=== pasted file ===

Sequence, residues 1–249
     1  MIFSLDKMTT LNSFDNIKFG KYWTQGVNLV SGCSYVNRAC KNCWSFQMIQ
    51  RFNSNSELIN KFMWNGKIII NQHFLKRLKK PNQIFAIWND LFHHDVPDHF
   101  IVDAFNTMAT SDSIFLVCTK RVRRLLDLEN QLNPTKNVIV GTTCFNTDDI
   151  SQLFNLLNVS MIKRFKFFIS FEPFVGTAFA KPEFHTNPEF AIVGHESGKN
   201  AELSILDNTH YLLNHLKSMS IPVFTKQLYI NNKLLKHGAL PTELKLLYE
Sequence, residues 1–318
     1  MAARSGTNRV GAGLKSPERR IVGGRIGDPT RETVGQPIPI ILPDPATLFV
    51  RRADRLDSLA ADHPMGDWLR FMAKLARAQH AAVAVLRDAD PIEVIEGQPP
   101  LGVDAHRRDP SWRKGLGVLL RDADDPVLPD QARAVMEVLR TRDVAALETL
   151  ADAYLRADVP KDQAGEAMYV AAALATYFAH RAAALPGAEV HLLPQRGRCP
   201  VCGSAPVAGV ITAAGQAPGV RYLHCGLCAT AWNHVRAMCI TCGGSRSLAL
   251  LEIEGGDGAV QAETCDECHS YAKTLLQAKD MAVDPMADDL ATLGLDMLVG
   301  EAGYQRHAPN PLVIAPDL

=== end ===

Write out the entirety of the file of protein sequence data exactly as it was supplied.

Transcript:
Sequence, residues 1–249
     1  MIFSLDKMTT LNSFDNIKFG KYWTQGVNLV SGCSYVNRAC KNCWSFQMIQ
    51  RFNSNSELIN KFMWNGKIII NQHFLKRLKK PNQIFAIWND LFHHDVPDHF
   101  IVDAFNTMAT SDSIFLVCTK RVRRLLDLEN QLNPTKNVIV GTTCFNTDDI
   151  SQLFNLLNVS MIKRFKFFIS FEPFVGTAFA KPEFHTNPEF AIVGHESGKN
   201  AELSILDNTH YLLNHLKSMS IPVFTKQLYI NNKLLKHGAL PTELKLLYE
Sequence, residues 1–318
     1  MAARSGTNRV GAGLKSPERR IVGGRIGDPT RETVGQPIPI ILPDPATLFV
    51  RRADRLDSLA ADHPMGDWLR FMAKLARAQH AAVAVLRDAD PIEVIEGQPP
   101  LGVDAHRRDP SWRKGLGVLL RDADDPVLPD QARAVMEVLR TRDVAALETL
   151  ADAYLRADVP KDQAGEAMYV AAALATYFAH RAAALPGAEV HLLPQRGRCP
   201  VCGSAPVAGV ITAAGQAPGV RYLHCGLCAT AWNHVRAMCI TCGGSRSLAL
   251  LEIEGGDGAV QAETCDECHS YAKTLLQAKD MAVDPMADDL ATLGLDMLVG
   301  EAGYQRHAPN PLVIAPDL